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Unilever has today announced that its underlying sales growth for 2019 will be below current expectations due to “challenges” in some of its regions.

The consumer giant said full year underlying sales growth for the year to 31 December will be “slightly below” its guidance of the lower half of its 3-5% multi-year range.

It said this is a result of challenges in the current fourth quarter in some markets, including the economic slowdown in South Asia, one of Unilever’s largest markets, and trading conditions in West Africa remaining difficult.

It added that the trading environment in developed markets continues to be “challenging” and while there are early signs of improving performance in North America, “a full recovery there will take time”.

Earnings, margin and cash are not expected to be impacted.

CEO Alan Jope commented: “Due to challenges in certain markets, we expect a slight miss to our full year underlying sales growth delivery.

“Looking ahead to 2020, growth will be second-half weighted. While we expect improvement in H1 2020 versus this quarter, we expect that first half growth will be below 3%. Our full year underlying sales growth is expected to be in the lower half of the multi-year range.

“Growth remains our top priority and we are confident we have the right strategy and investment in place to step up our performance.”

Sophie Lund-Yates, equity analyst at Hargreaves Lansdown commented: ”Unilever is the home of household staples, which tend to weather tough conditions more easily than discretionary products. To that end, news of sluggish sales is disappointing, especially when the group had already warned earlier this year growth would be at the lower end of guidance.

“However, the longer-term attractions of Unilever still exist. A huge chunk of the world’s population uses a Unilever product every single day, and margins aren’t in jeopardy following today’s announcement. While it’s a shame growth won’t be stellar for a while, this is just a bump in the road and not an outright stalling of the engine.”

Unilever shares sunk 5.4% in early trading back to 4,378.5p on the news.

Morning update

Cranswick (CWK) has announced the acquisition of premium outdoor pig farming business Packington Pork from the Mercer family.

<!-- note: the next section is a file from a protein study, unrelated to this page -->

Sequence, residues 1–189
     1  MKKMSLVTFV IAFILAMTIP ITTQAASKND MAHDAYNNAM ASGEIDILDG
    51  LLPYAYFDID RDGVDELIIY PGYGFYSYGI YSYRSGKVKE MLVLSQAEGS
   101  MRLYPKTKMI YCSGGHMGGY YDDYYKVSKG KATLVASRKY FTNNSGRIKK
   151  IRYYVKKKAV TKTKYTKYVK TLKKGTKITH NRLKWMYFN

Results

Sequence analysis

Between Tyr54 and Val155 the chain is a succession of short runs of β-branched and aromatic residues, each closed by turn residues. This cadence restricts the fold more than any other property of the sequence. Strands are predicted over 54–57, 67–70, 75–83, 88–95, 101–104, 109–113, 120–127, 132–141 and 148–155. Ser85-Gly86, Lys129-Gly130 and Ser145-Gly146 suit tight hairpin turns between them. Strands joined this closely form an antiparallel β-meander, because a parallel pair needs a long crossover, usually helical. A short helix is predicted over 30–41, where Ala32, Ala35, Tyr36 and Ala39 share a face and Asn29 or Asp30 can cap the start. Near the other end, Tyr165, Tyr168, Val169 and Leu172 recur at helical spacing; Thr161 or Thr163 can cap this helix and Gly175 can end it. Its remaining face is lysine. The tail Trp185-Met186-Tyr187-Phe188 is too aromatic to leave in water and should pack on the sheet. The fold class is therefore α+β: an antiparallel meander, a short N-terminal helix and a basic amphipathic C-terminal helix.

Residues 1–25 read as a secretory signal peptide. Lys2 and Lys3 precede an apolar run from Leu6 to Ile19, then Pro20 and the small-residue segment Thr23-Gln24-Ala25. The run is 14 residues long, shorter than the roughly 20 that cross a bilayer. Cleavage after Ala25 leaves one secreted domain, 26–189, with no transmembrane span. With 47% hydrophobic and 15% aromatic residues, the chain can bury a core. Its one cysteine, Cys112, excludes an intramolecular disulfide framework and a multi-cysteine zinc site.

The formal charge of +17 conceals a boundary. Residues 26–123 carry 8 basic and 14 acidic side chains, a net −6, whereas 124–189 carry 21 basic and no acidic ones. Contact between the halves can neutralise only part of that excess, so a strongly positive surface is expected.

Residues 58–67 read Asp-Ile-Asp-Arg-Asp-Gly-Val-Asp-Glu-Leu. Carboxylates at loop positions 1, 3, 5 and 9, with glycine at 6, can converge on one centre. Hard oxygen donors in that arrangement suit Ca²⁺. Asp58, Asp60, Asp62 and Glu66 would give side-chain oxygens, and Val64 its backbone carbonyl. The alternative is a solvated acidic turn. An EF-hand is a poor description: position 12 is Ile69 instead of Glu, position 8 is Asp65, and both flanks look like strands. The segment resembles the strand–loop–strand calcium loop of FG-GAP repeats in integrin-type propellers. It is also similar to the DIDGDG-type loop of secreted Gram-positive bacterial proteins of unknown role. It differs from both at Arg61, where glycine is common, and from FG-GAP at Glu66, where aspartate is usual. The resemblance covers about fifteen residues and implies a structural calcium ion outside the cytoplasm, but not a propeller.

Packington Pork comprises pig farming and rearing operations and specialises in the production of British free range and outdoor bred pigs, operating predominantly from a range of sites across Staffordshire, Nottinghamshire and Lincolnshire.

The deal increases Cranswick’s self-sufficiency in UK pigs processed to over 25%.

Cranswick said the deal “secures direct control over a significant part of its supply chain for premium pigs, reinforcing our commitment to developing a sustainable and traceable farm to fork operation”.

The transaction does not include the Packington Free Range business, which will be retained by the Mercer family as a standalone business operating under the Packington brand.

CEO Adam Couch commented: ” This acquisition strengthens our existing farming operations and reinforces our commitment to supporting and growing the British pig farming industry. It also aligns to our strategy of enhanced transparency and provenance of our food from farm to fork.

“We have worked closely with the business for over 14 years. We welcome the existing farm management team and look forward to investing in and developing the business over the coming years.”

On the markets this morning, the FTSE 100 has opened down 0.1% to 7,513.5pts while the pound has fallen back to $1.31 from $1.33 on renewed worries over a ‘no deal’ Brexit.

Unilever has sunk 5.4% today to 4,378.5p, while Cranswick is down 1.2% to 3,282p.

Early risers include Coca-Cola HBC (CCH), up 1.1% to 2,525p, Compass Group (CPG), up 0.9% to 1,878.5p and British American Tobacco (BATS), up 0.7% to 3,195.5p.

Fallers include Marks & Spencer (MKS), down 5.3% to 216.8p, Associated British Foods (ABF), down 2.7% to 2,559p and Greencore (GNC), down 2.5% to 274.9p.

Yesterday in the City

The FTSE 100 surged by another 2.3% to 7,519pts yesterday following Thursday night’s decisive election victory for the Conservatives.

Buoyed by the expectation of improved consumer sentiment in the UK – as well as better than expected results yesterday from retailer Sports Direct – a number of UK high street names were amongst the biggest risers.

Greggs (GRG) jumped 3.3% to 2,244p, Morrisons (MRW) was up 3.2% to 202.1p, Tesco (TSCO) up 3% to 258.9p, Sainsbury’s (SBRY) up 2.8% to 229.5p, B&M European Value Retail (BME), up 2.7% to 420.9p, WH Smith (SMWH), up 2.6% to 2,574p and Marks & Spencer (MKS) up 2.4% to 228.9p.

Other risers yesterday included Greencore (GNC), up 2.8% to 281.8p, British American Tobacco (BATS), up 4.4% to 3,172p, McBride (MCB), up 4.1% to 84.4p and Reckitt Benckiser (RB), up 2.3% to 6,178p.

Yesterday’s fallers included Mitchells & Butlers (MAB), down 4% to 447.5p, Kerry Group (KYGA), down 2.6% to €110.10, McColl’s (MCLS), down 2.4% to 39.2p, C&C Group (CCR), down 1.4% to 399.5p and Premier Foods (PFD), down 1.3% to 37.2p.